The inner workings of NM's first equine slaughterhouse

Ever since late 2011, when Valley Meat Company applied to the US Department of Agriculture to open a horse slaughterhouse in Roswell, animal rights activists around the country have been up in arms over the idea of killing horses for meat. This week, USDA Secretary Tom Vilsack said the plant—which, if approved, would be the country's first since 2007—should open. "We're basically waiting for one final signature," A Blair Dunn, Valley Meat's attorney, tells SFR. Here, a look at the controversy behind the plant.

Flylike Instincts
A horse goes through a series of problematic steps before it becomes a slice of meat. Horses are claustrophobic and tend to flee when they sense danger. After arriving at the slaughterhouse, they head to the stun box, where they're bolted in the brain to knock them unconscious.

"That's when they get jumpy," says Bruce Wagman, an attorney for the nonprofit horse advocacy group Front Range Equine Rescue. Unlike cows, horses don't have flat foreheads, and their brains are farther back, making it tough to knock them out. If the bolt doesn't work, the horse may go from the stun room to the final kill semi-conscious.

Next, shackles are used to lift the horse by its rear legs, a process that can break bones along its hip area. The final blow is a slit to the animal's carotid artery, which pumps blood from the heart to the brain. Dunn notes that some Mexican slaughterhouses have high success rates with captive-bolting horses, adding that Valley Meat is considering an alternative­—firearms.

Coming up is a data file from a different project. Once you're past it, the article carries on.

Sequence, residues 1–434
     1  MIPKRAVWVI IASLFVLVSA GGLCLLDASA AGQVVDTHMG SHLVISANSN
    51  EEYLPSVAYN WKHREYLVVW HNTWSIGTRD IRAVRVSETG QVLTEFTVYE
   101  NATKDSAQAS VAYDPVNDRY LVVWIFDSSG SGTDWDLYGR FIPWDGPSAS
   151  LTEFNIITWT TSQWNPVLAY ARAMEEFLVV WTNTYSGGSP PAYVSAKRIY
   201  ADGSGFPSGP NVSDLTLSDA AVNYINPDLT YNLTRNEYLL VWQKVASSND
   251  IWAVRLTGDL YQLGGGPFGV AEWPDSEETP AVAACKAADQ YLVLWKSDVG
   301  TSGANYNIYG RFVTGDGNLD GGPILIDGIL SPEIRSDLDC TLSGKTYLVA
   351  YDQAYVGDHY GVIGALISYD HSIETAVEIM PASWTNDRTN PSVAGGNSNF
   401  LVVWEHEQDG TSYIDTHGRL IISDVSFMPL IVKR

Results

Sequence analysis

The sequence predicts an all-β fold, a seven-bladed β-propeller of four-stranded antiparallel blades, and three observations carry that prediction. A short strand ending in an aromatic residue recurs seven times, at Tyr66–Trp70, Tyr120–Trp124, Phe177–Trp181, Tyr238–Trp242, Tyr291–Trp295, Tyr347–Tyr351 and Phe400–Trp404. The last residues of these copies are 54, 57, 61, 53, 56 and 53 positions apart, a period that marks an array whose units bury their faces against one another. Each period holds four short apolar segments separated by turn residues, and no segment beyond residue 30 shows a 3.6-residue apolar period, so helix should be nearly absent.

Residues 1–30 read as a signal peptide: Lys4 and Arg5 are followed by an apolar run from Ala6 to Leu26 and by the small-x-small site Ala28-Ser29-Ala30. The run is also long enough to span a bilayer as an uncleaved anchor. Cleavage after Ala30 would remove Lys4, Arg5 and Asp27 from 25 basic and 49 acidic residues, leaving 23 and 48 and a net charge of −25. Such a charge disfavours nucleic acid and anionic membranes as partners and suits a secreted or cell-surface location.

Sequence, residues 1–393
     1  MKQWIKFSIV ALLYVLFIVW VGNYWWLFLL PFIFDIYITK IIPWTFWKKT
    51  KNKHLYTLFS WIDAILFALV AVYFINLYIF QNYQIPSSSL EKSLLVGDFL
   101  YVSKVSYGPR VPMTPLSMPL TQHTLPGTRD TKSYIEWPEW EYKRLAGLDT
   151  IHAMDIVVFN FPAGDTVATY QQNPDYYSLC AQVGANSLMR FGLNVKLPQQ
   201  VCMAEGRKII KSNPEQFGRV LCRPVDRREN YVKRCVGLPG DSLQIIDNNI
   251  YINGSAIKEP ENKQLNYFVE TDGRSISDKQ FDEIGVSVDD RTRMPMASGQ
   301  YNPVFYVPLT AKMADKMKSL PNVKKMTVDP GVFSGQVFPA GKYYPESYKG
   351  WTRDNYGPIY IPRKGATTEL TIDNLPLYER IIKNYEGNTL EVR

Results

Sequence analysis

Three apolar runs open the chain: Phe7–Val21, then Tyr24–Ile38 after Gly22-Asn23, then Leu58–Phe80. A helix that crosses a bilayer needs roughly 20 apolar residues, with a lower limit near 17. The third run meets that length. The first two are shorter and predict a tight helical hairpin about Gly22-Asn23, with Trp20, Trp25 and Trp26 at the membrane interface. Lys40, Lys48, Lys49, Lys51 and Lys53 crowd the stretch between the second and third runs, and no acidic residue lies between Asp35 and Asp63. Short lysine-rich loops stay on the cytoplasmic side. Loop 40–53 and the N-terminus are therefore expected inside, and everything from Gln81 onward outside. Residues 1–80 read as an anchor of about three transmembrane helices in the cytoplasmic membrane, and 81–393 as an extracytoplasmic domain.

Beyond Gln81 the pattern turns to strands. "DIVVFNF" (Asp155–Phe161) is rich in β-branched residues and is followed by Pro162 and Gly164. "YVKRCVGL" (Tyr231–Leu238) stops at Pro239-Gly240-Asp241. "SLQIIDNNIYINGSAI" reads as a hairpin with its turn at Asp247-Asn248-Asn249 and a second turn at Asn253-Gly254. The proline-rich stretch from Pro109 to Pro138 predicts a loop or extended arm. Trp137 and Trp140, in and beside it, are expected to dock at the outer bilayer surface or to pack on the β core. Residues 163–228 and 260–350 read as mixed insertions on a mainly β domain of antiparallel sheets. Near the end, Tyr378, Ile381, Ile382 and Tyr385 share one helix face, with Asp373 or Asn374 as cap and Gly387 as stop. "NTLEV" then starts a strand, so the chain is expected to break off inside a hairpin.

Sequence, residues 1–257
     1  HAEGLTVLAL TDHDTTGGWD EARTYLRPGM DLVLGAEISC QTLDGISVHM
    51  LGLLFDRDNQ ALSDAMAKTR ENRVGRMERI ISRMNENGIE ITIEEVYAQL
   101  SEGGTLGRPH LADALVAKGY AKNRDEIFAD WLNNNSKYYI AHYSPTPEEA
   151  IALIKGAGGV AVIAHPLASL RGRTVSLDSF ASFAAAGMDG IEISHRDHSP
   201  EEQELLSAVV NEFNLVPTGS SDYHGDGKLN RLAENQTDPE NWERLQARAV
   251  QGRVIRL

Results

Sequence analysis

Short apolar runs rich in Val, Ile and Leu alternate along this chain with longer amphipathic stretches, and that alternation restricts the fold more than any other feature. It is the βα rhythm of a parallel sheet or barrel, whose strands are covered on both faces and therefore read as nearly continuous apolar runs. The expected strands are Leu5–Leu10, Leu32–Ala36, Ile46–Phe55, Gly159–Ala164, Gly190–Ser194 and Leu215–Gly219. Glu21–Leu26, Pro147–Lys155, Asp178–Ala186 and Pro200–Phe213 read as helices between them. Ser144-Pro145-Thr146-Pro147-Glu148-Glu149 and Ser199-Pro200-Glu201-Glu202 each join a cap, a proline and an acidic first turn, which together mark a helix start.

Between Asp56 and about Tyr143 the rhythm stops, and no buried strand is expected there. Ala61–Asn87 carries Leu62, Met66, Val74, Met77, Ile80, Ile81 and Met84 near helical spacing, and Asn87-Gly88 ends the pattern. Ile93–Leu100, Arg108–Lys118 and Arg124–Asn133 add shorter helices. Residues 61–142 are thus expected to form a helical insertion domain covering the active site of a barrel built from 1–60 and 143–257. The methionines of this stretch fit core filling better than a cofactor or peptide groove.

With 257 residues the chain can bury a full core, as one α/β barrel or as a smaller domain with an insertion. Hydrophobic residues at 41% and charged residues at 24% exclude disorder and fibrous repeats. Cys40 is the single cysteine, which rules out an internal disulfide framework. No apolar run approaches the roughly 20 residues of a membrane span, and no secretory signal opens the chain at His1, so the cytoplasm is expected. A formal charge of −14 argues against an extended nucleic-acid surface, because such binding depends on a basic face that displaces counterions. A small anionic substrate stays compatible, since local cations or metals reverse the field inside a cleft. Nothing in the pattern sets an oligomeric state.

Troubled History
In the mid-2000s, only three horse slaughterhouses remained in the US. All of the meat was shipped to other countries, but the plants also caused problems at home. Kaufman, Texas' Dallas Crown, for instance, kept a rotting pile of bones and a 600-gallon container of horse limbs and innards in front of the slaughterhouse, attracting flies and maggots. In 2010, the USDA also filed a formal complaint against Valley Meat for improperly disposing of cattle remains in piles up to 15 feet high that had enough maggots to move the piles themselves. (Dunn says the pile was a composting site, and that the new plant will dump remains in a landfill.)

Drugged Up
Unlike livestock raised for human consumption, horses are usually raised for sport or leisure activity.

"These animals are not raised for food in the way other animals, such as cows, pigs and chickens are," reads Front Range's 2012 petition to the USDA opposing horse slaughterhouses. Horses are sometimes given drugs that are banned in animals meant for meat consumption—but Dunn argues that people would have to consume unusual amounts of horsemeat to incur any harm.

"It really comes down to fear-mongering and doesn't have a basis in science," he says.

Where Do the Parts Go?
Valley Meat has stated that its Roswell slaughterhouse would only produce meat for human consumption.
After a horse is butchered, plants get rid of the offal, or the remains. Though the offal could be sent to a rendering plant to be turned into products like dog food, Wagman says the last three horse slaughterhouses just threw the parts out—just as Valley Meat once did for cattle.

"We do know that when Valley Meat was running a beef operation, they were just piling dead animals on their property," he says.

Who Eats Horses, Anyway?
The European Union consumes more than 80,000 metric tons of horsemeat each year—especially Italy, where it's made into sausages and stews. Horsemeat is also popular in South Korea and Japan, where it's served raw.  Valley Meat maintains it would ship all of its horsemeat abroad. 

"Things live and die," Dunn says. "That's the way things work."

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